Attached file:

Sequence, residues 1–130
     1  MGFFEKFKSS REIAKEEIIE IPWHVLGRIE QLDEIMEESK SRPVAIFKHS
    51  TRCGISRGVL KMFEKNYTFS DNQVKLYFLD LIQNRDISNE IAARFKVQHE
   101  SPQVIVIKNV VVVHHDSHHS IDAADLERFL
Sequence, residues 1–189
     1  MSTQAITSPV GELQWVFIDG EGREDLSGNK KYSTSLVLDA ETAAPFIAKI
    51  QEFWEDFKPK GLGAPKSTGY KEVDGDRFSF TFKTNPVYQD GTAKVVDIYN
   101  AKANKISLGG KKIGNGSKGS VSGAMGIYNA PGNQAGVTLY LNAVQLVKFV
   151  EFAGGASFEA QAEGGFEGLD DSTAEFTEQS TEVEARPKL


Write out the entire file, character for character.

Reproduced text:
Sequence, residues 1–130
     1  MGFFEKFKSS REIAKEEIIE IPWHVLGRIE QLDEIMEESK SRPVAIFKHS
    51  TRCGISRGVL KMFEKNYTFS DNQVKLYFLD LIQNRDISNE IAARFKVQHE
   101  SPQVIVIKNV VVVHHDSHHS IDAADLERFL
Sequence, residues 1–189
     1  MSTQAITSPV GELQWVFIDG EGREDLSGNK KYSTSLVLDA ETAAPFIAKI
    51  QEFWEDFKPK GLGAPKSTGY KEVDGDRFSF TFKTNPVYQD GTAKVVDIYN
   101  AKANKISLGG KKIGNGSKGS VSGAMGIYNA PGNQAGVTLY LNAVQLVKFV
   151  EFAGGASFEA QAEGGFEGLD DSTAEFTEQS TEVEARPKL